The thesis is based on the Prospective Population Study of Women in Gothenburg, which was started at the end of the 1960s when almost 1,500 women between the ages of 38 and 60 were examined, asked questions about their health and had blood samples taken. Nearly all of the samples have now been analysed and compared with information on who went on to suffer from Alzheimer's and dementia much later.
"Alzheimer's disease was more than twice as common among the women with the highest levels of homocysteine than among those with the lowest, and the risk for any kind of dementia was 70 per cent higher," says doctor Dimitri Zylberstein, author of the thesis.
Homocysteine is an amino acid that is important for the body's metabolism. It is known that high levels of homocysteine can damage the blood vessels and increase the risk of blood clots. Previous longitudinal studies linking homocysteine and dementia had 8 years of follow-up at most. The present study is by far the longest one with follow-up time of 35 years. The study is also the first to show association between homocysteine levels in middle aged women and dementia development several decades later. The researchers do not yet know whether it is the homocysteine itself that damages the brain, or whether there is some other underlying factor that both increases levels of the homocysteine and causes dementia.
Historically elevated homocysteine levels were related to certain vitamin defficiencies (B12 anf folate). Today we know that high homocysteine levels might be present even with perfectly normal vitamin status. "These days we in our clinical practice use homocysteine analyses mainly for assessment of vitamin status. However, our results mean that we could use the very same analysis för assessment of individual's risk profile for dementia development. This opens the possibility for future preventive treatment at a very early stage", says Zylberstein.
The thesis also looks at a gene which, in some variants, appears to offer protection against dementia. This gene variant reduces the risk of dementia by no less than 65 percent when present doubled (homozygous) which occures in just one in ten Swedes and by 40 percent when present in mixed form (heterozygous) i additional four of ten Swedes.
"We have only been able to carry out a genetic analysis on just over 550 of the blood samples from the Prospective Population Study of Women, and want to undertake bigger studies before we can say for sure that the gene really does protect against dementia," says professor Lauren Lissner who supervised the thesis. "We hope to be able to perform the same analysis on more samples from the study."
The work was carried out in conjunction with the Neuropsychiatric Epidemiology Research Unit as part of EpiLife, the Sahlgrenska Academy's major research project.DEMENTIA
Title of thesis: Homocysteine and vascular morbidity and dementia in women. A prospective population study.
The thesis was successfully defended.BY: Elin Lindström Claessen
Biofilm discovery suggests new way to prevent dangerous infections
23.05.2017 | University of Texas at Austin
Another reason to exercise: Burning bone fat -- a key to better bone health
19.05.2017 | University of North Carolina Health Care
Staphylococcus aureus is a feared pathogen (MRSA, multi-resistant S. aureus) due to frequent resistances against many antibiotics, especially in hospital infections. Researchers at the Paul-Ehrlich-Institut have identified immunological processes that prevent a successful immune response directed against the pathogenic agent. The delivery of bacterial proteins with RNA adjuvant or messenger RNA (mRNA) into immune cells allows the re-direction of the immune response towards an active defense against S. aureus. This could be of significant importance for the development of an effective vaccine. PLOS Pathogens has published these research results online on 25 May 2017.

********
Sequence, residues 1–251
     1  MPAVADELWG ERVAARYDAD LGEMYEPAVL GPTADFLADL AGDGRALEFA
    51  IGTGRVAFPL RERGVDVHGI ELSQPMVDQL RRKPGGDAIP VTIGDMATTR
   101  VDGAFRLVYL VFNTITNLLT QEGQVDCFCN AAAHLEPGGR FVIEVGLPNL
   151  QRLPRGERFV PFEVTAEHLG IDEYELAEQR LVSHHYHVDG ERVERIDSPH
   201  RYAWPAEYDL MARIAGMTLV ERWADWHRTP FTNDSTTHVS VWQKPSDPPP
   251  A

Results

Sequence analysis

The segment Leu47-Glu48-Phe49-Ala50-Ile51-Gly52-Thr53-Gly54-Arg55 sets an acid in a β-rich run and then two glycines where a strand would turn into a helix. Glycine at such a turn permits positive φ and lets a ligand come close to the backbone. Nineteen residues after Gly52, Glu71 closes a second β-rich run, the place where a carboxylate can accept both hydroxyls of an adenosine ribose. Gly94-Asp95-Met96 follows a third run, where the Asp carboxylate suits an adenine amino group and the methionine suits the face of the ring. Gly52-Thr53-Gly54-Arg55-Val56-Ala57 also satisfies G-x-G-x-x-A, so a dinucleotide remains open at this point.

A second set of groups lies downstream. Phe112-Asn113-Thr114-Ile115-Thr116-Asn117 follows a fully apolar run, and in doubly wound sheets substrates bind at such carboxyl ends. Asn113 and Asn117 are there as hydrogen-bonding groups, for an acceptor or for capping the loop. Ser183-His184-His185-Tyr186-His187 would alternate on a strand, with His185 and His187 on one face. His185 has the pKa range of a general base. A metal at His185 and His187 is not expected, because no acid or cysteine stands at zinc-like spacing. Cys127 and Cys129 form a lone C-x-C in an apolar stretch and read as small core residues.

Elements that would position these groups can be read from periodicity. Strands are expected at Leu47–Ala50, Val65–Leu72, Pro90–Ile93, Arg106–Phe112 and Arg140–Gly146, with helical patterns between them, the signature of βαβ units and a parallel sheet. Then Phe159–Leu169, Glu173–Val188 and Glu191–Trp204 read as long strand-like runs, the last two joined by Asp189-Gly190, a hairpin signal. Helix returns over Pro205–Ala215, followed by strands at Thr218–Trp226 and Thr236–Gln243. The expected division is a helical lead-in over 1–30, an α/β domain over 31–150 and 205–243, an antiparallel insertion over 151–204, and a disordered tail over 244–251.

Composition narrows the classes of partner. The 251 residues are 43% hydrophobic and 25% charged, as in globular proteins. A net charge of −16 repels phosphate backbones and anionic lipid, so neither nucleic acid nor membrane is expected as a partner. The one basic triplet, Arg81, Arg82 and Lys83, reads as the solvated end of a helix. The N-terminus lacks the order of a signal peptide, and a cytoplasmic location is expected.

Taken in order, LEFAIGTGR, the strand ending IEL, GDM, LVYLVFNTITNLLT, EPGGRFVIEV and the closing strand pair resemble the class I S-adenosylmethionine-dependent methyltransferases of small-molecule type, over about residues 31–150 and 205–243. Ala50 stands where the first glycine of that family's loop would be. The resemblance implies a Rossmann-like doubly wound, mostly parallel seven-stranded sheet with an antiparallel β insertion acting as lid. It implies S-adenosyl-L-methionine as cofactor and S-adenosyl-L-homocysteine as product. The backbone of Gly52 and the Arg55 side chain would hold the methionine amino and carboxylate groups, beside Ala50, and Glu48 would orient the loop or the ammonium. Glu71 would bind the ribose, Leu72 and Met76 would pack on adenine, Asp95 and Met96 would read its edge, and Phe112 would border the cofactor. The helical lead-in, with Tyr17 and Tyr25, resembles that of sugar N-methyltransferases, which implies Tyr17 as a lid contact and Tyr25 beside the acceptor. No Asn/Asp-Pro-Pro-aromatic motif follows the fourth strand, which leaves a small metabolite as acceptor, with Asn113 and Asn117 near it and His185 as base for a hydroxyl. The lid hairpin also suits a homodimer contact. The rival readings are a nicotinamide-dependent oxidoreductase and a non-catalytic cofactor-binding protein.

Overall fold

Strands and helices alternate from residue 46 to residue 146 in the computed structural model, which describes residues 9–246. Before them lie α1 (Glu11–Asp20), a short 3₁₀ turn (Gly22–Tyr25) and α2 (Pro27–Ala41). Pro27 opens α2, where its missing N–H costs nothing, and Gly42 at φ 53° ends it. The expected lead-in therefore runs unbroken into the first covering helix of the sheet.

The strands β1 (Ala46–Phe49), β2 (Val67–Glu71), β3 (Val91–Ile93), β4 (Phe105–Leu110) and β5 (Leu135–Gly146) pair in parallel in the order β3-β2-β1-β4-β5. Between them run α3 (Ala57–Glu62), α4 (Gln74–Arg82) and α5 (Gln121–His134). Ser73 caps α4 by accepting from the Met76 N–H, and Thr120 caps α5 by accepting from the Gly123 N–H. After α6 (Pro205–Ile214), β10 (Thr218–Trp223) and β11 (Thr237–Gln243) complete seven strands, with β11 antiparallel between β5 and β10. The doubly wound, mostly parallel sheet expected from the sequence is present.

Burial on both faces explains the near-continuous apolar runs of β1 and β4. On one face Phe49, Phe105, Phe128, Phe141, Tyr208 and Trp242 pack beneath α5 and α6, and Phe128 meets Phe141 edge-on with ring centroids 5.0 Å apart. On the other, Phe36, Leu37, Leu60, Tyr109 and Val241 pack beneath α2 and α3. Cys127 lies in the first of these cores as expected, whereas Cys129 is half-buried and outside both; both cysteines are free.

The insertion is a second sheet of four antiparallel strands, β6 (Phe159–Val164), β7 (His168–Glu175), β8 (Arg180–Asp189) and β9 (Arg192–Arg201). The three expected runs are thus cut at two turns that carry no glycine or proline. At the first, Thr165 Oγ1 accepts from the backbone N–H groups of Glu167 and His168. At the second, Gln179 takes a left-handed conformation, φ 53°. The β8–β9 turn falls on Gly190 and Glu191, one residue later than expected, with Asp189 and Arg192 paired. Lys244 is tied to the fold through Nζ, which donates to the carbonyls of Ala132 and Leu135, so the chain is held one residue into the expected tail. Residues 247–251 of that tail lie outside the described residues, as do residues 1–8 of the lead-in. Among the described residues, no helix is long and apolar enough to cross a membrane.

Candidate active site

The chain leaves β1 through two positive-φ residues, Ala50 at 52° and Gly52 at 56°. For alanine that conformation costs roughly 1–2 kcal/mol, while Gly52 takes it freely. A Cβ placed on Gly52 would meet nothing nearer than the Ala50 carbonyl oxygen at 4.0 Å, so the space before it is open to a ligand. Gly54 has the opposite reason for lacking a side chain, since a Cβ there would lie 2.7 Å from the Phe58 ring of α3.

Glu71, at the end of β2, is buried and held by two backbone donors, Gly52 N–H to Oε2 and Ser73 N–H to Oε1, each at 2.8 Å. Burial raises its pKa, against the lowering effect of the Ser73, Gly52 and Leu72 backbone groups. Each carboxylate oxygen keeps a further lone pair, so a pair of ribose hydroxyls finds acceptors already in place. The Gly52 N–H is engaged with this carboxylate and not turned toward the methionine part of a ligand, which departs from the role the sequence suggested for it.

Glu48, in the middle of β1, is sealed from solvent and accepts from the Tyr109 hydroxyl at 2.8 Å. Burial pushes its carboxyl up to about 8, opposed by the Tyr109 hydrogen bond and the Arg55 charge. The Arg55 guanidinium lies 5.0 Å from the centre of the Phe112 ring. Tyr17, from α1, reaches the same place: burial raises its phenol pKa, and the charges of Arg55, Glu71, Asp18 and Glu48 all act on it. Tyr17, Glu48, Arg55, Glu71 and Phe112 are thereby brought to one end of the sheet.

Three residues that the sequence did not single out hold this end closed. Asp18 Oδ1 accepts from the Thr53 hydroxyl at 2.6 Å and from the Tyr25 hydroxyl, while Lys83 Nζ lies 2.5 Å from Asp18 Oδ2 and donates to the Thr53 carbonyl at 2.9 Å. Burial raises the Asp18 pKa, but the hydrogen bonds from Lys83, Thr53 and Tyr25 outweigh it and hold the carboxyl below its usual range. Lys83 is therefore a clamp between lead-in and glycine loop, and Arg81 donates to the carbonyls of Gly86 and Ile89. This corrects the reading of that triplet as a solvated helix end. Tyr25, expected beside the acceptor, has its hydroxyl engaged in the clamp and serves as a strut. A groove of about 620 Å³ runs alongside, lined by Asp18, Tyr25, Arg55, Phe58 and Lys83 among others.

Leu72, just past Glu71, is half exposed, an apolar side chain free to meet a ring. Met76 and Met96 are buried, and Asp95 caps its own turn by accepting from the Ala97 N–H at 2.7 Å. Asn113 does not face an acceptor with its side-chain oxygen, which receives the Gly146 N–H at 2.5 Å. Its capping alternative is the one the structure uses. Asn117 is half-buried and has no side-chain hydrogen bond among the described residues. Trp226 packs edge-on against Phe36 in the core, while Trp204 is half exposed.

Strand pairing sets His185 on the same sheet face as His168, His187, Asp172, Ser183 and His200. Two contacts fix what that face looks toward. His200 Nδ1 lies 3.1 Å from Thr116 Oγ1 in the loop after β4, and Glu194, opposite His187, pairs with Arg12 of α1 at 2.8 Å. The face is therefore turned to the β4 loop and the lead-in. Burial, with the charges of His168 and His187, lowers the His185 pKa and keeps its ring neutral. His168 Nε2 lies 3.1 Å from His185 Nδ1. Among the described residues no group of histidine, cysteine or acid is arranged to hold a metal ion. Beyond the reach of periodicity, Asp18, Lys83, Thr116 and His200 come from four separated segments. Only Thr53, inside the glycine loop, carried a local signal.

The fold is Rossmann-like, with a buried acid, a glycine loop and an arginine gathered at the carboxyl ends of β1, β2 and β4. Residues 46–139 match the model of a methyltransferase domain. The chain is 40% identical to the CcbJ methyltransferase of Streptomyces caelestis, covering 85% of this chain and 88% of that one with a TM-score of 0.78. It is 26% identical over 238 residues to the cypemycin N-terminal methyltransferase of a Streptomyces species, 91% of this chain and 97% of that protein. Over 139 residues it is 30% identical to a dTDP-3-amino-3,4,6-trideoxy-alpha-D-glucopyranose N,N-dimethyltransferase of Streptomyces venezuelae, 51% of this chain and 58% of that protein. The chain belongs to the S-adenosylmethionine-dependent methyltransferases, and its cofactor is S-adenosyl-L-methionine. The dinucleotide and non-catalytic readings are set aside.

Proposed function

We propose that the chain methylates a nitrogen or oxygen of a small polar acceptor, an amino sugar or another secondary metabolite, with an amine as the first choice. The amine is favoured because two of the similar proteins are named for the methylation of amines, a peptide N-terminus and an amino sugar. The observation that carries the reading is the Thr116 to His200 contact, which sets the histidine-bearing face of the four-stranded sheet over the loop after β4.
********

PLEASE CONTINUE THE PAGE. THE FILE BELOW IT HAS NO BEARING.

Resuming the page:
Staphylococcus aureus (S. aureus) is a bacterium that colonizes by far more than half of the skin and the mucosa of adults, usually without causing infections....
Physicists from the University of Würzburg are capable of generating identical looking single light particles at the push of a button. Two new studies now demonstrate the potential this method holds.
The quantum computer has fuelled the imagination of scientists for decades: It is based on fundamentally different phenomena than a conventional computer....
An international team of physicists has monitored the scattering behaviour of electrons in a non-conducting material in real-time. Their insights could be beneficial for radiotherapy.
We can refer to electrons in non-conducting materials as ‘sluggish’. Typically, they remain fixed in a location, deep inside an atomic composite. It is hence...
Two-dimensional magnetic structures are regarded as a promising material for new types of data storage, since the magnetic properties of individual molecular building blocks can be investigated and modified. For the first time, researchers have now produced a wafer-thin ferrimagnet, in which molecules with different magnetic centers arrange themselves on a gold surface to form a checkerboard pattern. Scientists at the Swiss Nanoscience Institute at the University of Basel and the Paul Scherrer Institute published their findings in the journal Nature Communications.
Ferrimagnets are composed of two centers which are magnetized at different strengths and point in opposing directions. Two-dimensional, quasi-flat ferrimagnets...
An Australian-Chinese research team has created the world's thinnest hologram, paving the way towards the integration of 3D holography into everyday...
24.05.2017 | Event News
23.05.2017 | Event News
22.05.2017 | Event News
26.05.2017 | Life Sciences
26.05.2017 | Life Sciences
26.05.2017 | Physics and Astronomy